CHANGE is inevitable. But how a country manages change is not. It tells us something about its maturity, its priorities and the way power is exercised.
The treatment of residents living in Housing Development Corporation (HDC) apartments in East Port of Spain is at once a sensitive matter and a hot-button topic.
It is sensitive because it involves the right of the individual to the enjoyment of property, whether moral or legal. It is sensitive because of the intergenerational nature of some of the tenancies. And it is sensitive given the issues of class, wealth and history that intersect any attempts at tackling urban “redevelopment.”
As nuanced as such factors are, the eviction of HDC tenants from premises on Duncan Street and lower Independence Square has clearer implications, not only for other areas in East Port of Spain, but the country as whole. On Monday, the HDC assured no "legal tenants" were evicted, even as occupants have been given a week's extension to move.
The matter involves the capital city, and therefore has implications for national pride and the nationwide enforcement of government policy.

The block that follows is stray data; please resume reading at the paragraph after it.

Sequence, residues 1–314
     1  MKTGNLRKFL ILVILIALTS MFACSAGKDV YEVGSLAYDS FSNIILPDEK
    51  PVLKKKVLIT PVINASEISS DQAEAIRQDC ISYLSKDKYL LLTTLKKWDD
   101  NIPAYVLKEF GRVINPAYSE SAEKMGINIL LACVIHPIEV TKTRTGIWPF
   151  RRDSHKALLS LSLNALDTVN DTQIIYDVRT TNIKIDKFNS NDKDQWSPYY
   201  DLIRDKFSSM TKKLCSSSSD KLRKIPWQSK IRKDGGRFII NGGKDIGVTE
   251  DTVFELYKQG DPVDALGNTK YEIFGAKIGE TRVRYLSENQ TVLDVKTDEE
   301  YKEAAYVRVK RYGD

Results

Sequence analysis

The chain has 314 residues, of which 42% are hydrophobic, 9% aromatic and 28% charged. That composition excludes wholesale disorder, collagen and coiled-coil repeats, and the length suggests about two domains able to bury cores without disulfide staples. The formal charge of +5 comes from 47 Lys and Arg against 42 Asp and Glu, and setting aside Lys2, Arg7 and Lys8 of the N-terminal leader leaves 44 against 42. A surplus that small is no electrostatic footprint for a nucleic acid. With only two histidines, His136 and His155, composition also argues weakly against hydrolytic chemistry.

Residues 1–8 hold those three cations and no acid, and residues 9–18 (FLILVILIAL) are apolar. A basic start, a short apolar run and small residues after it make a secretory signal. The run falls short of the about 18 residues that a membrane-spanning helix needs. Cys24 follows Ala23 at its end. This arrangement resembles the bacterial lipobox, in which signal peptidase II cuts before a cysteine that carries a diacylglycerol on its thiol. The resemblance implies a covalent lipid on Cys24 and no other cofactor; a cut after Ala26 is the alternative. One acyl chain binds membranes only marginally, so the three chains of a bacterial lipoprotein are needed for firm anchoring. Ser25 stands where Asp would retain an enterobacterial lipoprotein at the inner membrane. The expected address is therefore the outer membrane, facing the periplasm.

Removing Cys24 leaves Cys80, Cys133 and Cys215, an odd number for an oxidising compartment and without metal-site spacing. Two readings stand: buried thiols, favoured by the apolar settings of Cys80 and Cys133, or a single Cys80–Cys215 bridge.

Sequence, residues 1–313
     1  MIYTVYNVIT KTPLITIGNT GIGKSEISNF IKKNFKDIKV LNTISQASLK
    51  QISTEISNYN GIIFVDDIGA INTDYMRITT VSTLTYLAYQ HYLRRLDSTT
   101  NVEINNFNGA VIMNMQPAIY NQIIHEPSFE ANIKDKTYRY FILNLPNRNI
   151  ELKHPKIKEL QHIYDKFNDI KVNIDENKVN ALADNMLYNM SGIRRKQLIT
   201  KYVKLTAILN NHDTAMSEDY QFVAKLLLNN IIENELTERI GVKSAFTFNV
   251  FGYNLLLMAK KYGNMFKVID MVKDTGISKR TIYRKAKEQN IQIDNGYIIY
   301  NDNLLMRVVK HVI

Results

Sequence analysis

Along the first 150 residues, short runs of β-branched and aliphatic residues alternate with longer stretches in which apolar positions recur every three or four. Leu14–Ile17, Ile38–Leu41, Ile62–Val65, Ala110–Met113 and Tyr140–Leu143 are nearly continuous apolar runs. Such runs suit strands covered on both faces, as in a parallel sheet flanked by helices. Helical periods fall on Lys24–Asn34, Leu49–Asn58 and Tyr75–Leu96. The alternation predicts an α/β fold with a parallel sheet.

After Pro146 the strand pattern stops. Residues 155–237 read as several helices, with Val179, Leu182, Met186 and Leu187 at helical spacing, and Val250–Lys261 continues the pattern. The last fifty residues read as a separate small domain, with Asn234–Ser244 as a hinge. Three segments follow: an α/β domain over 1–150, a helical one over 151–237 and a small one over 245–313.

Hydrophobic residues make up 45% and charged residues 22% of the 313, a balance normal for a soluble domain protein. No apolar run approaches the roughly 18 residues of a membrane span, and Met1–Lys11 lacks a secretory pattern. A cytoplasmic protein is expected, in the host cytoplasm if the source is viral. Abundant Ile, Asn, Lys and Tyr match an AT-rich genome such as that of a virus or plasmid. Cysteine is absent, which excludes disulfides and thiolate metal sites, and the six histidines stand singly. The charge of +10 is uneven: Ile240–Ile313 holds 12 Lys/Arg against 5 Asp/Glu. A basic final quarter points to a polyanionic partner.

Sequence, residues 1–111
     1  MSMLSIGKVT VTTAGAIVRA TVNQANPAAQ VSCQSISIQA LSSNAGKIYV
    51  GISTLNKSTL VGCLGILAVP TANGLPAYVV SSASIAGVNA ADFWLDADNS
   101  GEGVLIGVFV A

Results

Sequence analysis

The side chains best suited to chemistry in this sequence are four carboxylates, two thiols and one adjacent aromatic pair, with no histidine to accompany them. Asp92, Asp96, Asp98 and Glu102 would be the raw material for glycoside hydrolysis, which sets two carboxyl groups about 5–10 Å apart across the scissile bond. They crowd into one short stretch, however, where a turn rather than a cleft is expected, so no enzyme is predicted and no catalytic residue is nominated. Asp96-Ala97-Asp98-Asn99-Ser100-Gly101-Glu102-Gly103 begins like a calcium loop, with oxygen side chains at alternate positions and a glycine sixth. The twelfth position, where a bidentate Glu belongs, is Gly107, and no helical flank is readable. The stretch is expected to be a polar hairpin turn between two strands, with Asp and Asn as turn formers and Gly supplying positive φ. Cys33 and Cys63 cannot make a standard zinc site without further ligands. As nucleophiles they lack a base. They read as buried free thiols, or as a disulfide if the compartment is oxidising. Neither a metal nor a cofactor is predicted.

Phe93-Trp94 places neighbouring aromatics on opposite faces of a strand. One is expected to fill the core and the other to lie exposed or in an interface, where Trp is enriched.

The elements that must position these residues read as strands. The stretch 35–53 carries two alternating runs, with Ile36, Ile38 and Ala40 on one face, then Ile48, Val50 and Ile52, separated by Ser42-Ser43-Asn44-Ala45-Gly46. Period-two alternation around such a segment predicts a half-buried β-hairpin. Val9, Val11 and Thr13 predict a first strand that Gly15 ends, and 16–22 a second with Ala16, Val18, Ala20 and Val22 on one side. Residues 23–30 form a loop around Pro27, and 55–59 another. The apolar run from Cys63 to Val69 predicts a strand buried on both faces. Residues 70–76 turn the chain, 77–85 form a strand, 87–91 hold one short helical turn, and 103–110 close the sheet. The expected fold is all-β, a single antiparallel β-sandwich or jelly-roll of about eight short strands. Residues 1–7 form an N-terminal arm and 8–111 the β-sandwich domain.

It is little wonder Watson Duke, of the Progressive Democratic Patriots (PDP), took up the cause. Equally, nobody is shocked the Opposition UNC mobilised to intervene in the community on Sunday.
“We are not doing anything the residents of the area aren’t fully aware of and in full agreement with,” said Housing Minister Camille Robinson-Regis last week.
The strength of this assertion is already being tested. Some residents have made claims that do not paint a good picture. Colleen Mendoza and Neisha Laurence have alleged unfair treatment.
Ms Mendoza said, “HDC came to us three years ago and said they going to build up Piccadilly Street and then they going to move up and put us there. Now, in less than a month’s time HDC just come and said we have to move. They are sending some of us San Fernando, Princes Town, Sangre Grande, all about.”
What is clear is that change needs to happen.
On the most basic level, the properties in question are old and there are likely to be serious issues of safety that should be addressed, if they have not been already. Only a few years ago, the premises of the Occupational Safety and Health Authority, located a stone’s throw from the latest demolitions, was deemed unfit for health and safety.
Long have there been grand plans for this part of the city, with a special purpose company even overseeing this project decades now.
Whether current residents might have a place within an overall vision, however, has been harder to discern.
Cabinet must seize all opportunities to uplift communities.
But for whose benefit is uplift intended? And does uplift simply mean removal? These are matters that require elaboration.